but in the days leading up to the point where it "drops to zero" the last things remaining will be Goldman Sachs, weapons makers, Monstinko, big pharma etc.

I am Jobe's picture

Time to smash that Algo Box and bring down the fucking racks. After that hang the bastards

Skateboarder's picture

I don't think software was supposed to trade stuff. That's kind of... you know... a human activity. Like trading action figures or baseball cards or bushels of one crop for another, it's only elegant if there is some human emotion involved.

NewThor's picture

Alpha Omega Bodhisattva Vs. The high priests of the Fiat religion, their false king and their beast.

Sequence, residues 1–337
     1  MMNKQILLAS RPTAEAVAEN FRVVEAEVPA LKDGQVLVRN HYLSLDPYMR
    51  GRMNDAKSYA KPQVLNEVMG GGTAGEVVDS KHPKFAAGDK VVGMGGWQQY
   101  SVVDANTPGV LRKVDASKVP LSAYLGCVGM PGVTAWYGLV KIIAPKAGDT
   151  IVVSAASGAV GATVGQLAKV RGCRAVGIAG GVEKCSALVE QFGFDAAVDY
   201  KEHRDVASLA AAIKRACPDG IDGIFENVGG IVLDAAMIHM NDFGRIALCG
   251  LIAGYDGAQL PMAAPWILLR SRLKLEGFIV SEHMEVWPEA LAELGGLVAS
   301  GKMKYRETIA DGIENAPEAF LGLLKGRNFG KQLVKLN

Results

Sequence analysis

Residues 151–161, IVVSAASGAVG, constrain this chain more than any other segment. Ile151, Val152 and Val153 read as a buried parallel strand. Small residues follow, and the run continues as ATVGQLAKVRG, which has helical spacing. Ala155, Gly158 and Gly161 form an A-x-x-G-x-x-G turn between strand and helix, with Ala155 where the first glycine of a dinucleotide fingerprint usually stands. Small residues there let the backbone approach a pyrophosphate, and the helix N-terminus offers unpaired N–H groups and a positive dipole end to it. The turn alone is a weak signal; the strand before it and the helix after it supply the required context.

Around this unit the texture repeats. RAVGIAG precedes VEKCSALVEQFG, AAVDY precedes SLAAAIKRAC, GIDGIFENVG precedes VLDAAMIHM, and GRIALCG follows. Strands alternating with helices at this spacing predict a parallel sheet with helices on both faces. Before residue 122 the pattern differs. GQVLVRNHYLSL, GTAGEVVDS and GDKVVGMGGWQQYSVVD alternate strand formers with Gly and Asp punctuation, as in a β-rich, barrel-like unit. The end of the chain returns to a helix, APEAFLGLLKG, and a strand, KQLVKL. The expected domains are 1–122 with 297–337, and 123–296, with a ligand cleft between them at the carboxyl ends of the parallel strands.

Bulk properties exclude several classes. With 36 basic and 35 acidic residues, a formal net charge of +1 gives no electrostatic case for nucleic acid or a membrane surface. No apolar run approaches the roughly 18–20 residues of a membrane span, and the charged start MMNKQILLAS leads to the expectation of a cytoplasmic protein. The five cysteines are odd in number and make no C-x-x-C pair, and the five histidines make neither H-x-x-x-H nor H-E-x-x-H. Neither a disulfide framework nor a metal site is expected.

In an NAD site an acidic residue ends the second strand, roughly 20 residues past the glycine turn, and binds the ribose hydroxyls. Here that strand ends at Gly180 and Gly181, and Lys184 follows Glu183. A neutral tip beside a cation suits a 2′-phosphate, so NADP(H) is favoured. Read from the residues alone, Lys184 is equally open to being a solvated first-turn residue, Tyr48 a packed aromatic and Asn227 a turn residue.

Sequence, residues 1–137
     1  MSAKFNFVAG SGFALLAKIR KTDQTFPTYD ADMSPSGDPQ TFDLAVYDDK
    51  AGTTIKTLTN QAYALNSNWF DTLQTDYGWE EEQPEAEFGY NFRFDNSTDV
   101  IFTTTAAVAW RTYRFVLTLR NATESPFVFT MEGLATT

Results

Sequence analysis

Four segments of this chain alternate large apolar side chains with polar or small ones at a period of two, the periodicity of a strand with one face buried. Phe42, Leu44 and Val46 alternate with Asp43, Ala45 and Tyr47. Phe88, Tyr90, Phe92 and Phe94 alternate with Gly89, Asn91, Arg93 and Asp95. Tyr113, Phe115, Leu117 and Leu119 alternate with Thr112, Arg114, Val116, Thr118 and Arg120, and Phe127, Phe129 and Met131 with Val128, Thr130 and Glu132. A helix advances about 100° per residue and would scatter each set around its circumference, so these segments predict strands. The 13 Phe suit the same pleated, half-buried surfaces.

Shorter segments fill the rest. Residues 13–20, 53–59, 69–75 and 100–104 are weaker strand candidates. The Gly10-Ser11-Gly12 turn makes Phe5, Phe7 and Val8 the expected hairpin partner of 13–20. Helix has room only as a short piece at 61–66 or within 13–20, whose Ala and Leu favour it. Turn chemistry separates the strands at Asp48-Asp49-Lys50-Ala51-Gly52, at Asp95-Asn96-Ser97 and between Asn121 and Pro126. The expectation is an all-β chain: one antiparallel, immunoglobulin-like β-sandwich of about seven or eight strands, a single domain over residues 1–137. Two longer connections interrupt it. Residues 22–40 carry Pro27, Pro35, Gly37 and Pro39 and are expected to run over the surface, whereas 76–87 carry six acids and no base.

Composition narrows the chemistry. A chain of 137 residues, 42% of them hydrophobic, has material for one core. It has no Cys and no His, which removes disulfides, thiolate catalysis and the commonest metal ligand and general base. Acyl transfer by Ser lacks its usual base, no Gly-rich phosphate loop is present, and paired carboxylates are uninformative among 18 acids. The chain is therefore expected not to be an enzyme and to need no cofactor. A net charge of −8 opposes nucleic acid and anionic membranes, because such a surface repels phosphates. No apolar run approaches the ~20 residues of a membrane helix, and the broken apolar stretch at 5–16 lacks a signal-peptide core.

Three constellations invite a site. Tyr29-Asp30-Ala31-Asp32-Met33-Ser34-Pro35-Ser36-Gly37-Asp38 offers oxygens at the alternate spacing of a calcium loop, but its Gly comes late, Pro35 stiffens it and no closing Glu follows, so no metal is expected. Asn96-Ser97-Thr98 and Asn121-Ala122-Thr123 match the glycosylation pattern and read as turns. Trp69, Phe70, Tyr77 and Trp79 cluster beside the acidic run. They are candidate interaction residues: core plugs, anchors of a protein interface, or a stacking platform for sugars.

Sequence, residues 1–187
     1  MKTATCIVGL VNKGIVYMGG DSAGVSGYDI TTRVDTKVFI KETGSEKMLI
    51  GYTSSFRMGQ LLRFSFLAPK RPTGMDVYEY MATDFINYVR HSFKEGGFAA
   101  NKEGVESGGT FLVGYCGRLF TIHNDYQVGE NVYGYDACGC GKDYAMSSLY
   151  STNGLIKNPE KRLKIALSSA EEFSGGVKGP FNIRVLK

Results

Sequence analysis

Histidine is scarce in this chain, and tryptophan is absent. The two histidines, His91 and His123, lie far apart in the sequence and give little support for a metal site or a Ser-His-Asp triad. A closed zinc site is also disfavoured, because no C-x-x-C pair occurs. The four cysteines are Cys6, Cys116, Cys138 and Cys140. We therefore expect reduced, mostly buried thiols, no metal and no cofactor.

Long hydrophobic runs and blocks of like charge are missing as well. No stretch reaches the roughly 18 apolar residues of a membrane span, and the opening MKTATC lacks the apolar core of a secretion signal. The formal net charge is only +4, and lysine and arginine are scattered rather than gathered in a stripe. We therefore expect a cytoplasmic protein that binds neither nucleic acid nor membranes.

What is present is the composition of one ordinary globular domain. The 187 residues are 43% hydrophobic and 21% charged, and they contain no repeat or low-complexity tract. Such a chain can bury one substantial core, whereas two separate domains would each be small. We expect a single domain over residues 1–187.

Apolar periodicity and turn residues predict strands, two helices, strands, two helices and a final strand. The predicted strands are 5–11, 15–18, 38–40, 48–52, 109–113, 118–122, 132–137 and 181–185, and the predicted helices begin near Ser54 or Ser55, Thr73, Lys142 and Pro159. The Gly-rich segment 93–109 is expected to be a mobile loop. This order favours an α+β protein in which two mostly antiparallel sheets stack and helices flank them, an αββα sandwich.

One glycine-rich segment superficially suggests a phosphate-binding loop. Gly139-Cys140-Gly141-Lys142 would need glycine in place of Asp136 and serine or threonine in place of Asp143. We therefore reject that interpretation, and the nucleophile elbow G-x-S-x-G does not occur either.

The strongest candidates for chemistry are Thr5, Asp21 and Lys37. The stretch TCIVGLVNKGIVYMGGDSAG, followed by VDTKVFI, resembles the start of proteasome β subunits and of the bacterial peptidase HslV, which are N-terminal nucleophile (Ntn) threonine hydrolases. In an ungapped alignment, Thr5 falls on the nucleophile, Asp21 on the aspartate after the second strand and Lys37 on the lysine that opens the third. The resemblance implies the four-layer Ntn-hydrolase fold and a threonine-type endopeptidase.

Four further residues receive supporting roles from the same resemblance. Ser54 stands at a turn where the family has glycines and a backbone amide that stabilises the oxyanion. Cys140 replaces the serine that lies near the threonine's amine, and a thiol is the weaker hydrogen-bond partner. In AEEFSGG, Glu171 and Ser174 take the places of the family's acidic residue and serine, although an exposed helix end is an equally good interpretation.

upWising's picture

Let us pray:

Technology will set us free, make our life simpler and richer, and raise evryone's standard of living.


Al Gorerhythm's picture

The same logic can be applied to guns. Guns don't kill people; although on one news channel the news anchor blurted that guns murdered x (I can't recall the stat they used) number of people last year. Not one gun was arrested for its crime. HFT is the algo's gun. HFTs murdered this company.

Extrapolating from all this, could HFT be construed an algo's second ammendment right and considering that the SEC hasn't made a move to repeal (it) the right to carry, concealed?

No CEO will be arrested as HFT "glitches" will be blamed.

Knight was a drive-by.

q99x2's picture

They were covering for the Bernank let down by driving markets higher. The FED owes them one. They'll be ok.

The Wizard of Oz's picture


Frastric's picture

Ahh crap! I invested 30000 virtual dollars in Investopedia stock market simulator on the stock. Buyed at the wrong time... Plus you can't short stocks below five dollars so I'm double-fucked, can't even hedge against my own folly...